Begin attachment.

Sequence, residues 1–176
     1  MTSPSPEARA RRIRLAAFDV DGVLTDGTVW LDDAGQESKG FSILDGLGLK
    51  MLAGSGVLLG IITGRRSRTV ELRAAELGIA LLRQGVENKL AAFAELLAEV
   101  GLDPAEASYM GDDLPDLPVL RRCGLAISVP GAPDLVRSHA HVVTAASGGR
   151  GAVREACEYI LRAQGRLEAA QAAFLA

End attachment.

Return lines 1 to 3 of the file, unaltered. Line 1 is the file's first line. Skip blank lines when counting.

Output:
Sequence, residues 1–176
     1  MTSPSPEARA RRIRLAAFDV DGVLTDGTVW LDDAGQESKG FSILDGLGLK
    51  MLAGSGVLLG IITGRRSRTV ELRAAELGIA LLRQGVENKL AAFAELLAEV